First time homebuyers’ tax credit still available

Jean-Guy Turcotte

In the federal budget for 2009 the Harper government enacted a couple of measures to get the economy moving after the devastation of September 2008.

The first one was a renovation tax credit, whereas if you had completed some qualifying renovations during the allotted time period you will get a credit for your expenditures up to a certain dollar amount. The second program was called the ‘First-time home buyers’ tax credit’ (HBTC) whereas if you bought your first home you would be entitled to a $750 tax credit.

The programs, as understood by most in my office, were slated to end Jan. 31, 2010…but one has remained intact.

As the fact sheet found on Canada Revenue Agency’s website states, there is still a First-time home buyer’s tax credit available “for certain homebuyers who’ve acquired a home after Jan. 27, 2009, that is – closing after this date.” The tax credit still stands at $750, and if you qualify you’ll receive it.

The fact sheet says “It’s calculated by multiplying the lowest personal income tax rate for the year (15% in 2009) by $5,000.

For 2009, the credit will be $750. However, if the total of your non-refundable tax credits is more than your federal income tax, you will not receive a refund for the HBTC. The figures aren’t available for the 2010 tax year, but according to one of my clients their accountant said the amount hasn’t changed.

The program also states that “You will qualify for the credit if you or your spouse or common-law partner acquired a qualifying home; and you did not live in another home owned by you or your spouse or common-law in the year of acquisition or any of the four preceding years. Also if you are a person with a disability or are buying a home for a related person with a disability, you do not have to be a first time homebuyer to get the HBTC. However, the home must be acquired to enable the person with the disability to live in a more accessible dwelling or in an environment better suited to the personal needs and care of that person.”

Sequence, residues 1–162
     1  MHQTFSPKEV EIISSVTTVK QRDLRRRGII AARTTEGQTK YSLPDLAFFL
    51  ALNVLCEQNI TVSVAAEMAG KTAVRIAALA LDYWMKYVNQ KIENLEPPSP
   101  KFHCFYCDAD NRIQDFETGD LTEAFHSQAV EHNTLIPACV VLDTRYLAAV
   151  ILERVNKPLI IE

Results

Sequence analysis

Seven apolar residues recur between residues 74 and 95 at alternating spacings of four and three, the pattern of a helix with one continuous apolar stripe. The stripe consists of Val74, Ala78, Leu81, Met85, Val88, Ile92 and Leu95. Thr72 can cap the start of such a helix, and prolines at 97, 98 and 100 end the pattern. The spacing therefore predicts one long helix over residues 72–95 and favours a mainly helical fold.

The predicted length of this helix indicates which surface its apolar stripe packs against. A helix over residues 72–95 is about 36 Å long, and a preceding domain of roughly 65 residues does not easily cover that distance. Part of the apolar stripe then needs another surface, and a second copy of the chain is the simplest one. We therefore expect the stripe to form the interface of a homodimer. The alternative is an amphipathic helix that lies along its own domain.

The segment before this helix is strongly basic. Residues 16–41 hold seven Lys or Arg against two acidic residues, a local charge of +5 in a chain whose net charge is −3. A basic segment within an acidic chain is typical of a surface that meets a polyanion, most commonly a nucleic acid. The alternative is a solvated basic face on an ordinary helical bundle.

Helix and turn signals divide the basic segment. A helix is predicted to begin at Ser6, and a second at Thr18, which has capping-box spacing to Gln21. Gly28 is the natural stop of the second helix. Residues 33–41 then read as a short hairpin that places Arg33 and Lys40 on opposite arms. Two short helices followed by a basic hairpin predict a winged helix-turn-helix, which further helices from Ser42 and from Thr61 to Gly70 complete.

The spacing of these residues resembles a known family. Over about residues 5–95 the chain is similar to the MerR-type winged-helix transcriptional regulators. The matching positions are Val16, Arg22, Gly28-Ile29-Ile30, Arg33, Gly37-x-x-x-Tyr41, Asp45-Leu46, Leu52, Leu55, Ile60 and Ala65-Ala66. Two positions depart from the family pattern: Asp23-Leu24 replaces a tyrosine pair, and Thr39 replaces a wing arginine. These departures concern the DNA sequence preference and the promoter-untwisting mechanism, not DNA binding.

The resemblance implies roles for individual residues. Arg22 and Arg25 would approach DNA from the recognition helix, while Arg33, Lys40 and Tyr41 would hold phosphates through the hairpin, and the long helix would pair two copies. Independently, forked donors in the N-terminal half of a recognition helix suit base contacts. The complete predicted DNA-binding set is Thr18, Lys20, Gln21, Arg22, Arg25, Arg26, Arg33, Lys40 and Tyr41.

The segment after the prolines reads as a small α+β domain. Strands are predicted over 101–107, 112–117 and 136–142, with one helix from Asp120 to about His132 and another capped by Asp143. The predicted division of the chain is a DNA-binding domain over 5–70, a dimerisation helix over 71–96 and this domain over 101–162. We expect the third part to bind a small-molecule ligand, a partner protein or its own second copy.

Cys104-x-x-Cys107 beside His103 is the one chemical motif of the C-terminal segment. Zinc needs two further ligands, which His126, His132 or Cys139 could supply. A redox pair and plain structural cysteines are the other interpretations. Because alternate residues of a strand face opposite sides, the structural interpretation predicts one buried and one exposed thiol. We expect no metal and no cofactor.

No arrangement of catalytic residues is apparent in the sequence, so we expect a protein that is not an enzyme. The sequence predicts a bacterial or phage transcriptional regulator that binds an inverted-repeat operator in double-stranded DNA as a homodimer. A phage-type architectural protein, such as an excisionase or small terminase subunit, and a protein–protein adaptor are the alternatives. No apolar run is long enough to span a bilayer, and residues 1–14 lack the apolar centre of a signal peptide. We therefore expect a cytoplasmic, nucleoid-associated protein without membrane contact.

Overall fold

A qualifying home is described as a housing unit located in Canada.

This includes existing homes and those being constructed. Single-family homes, semi-detached homes, townhouses, mobile homes, condominium units, as well as apartments in duplexes, triplexes, fourplexes and apartment buildings all qualify.

A share in a co-operative housing corporation that entitles you to possess, and gives you an equity interest in, a housing unit located in Canada also qualifies. However, a share that only provides you with a right to tenancy in the housing unit does not qualify.

An important thing to remember is that the home must be registered in your or your spouse’s or common-law partner’s name in accordance with the applicable land registration system.

It’s not every year the government provides special programs like these, so if you qualify, make sure you get your credit! Please check with your accountant to ensure you qualify or visit for more information.

Jean-Guy Turcotte is an Accredited Mortgage Professional with Dominion Lending Centres-Regional Mortgage Group and can be contacted for appointments at 403-343-1125, texted to 403-391-2552 or emailed to

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